Reviewed By William Goss
Posted 12/28/08 15:21:42

"Old Habits Are Hard to Break"
4 stars (Worth A Look)

It’s 1964 in the Bronx, and Sister Aloysius (Meryl Streep) has concerns.

She’s concerned that ball-point pens and cough drops are infiltrating the Catholic school that she presides over (to her, the latter are simply candy by another name). She’s concerned that Donald Miller (relative newcomer Joseph Foster II), the school’s only black student, will be singled out, though she gives no thought to the sexism inherent to the church’s own hierarchy. She’s concerned that Donald Miller has indeed been singled out by no less than the kindly Father Flynn (Philip Seymour Hoffman), and she’s concerned when a young nun (Amy Adams) makes mention of a suspect meeting between the two in the rectory. For her, that last part’s enough, or rather too much, and so Sister Aloysius sets out to confront the priest and cast him out, playing cat to his mouse and leaving the burden of proof for anyone else to bear.

The result is a taut morality play and a fine acting showcase, adapted from the stage by writer/director John Patrick Shanley, who strains to escape the trappings of chatty confrontations with titled camera angles and metaphors made literal that often prove more distracting than not. Still, they’re not enough to take one out of the proceedings, as matters of authority, faith, change, responsibility, accountability, the line between truth and certainty and the divide between righteousness and self-righteousness all share the spotlight as the stars volley back and forth in their judgments.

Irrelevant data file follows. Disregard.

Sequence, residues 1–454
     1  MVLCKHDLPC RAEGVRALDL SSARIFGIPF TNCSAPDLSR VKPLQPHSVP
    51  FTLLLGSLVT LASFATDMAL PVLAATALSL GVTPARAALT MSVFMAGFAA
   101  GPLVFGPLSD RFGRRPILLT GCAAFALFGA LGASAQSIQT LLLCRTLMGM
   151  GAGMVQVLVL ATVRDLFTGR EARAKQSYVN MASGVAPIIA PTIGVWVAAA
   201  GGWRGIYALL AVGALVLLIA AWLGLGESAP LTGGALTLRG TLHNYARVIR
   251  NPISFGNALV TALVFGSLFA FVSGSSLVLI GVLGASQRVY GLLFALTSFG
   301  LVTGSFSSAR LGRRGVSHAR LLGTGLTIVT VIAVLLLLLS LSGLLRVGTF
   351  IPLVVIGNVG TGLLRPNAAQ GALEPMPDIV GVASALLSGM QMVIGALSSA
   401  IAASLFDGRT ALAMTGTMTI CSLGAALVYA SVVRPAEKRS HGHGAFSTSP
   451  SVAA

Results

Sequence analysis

Streep’s sister claims that shouting only won fights in ancient Sparta, although that doesn’t stop her from railing against Hoffman’s priest with all manner of awards-baiting fury. Hoffman, though, comparatively keeps his cool, though his little tics and line readings are just enough to sway the viewer’s own beliefs. (The film relishes this ambiguity proudly; after all, it’s not so much a matter of whether or not he did it as it is of whether or not she’s right in her crusade.) Adams can merely try to hold her own against two titans in terms of characterization and acting ability, though she sells meek naïvete as well as anyone could. In a quiet, critical role, Foster helps Hoffman keep the scales of suspicion ever tilting, and as Miller’s mother, Viola Davis packs quite the punch in little more than a single scene as she tries and tries to convince Sister Aloysius of the significant personal stakes that her battle for moral superiority may not have taken into consideration.

What exactly is it, then, that keeps 'Doubt' from achieving a state of film greatness? God only knows.

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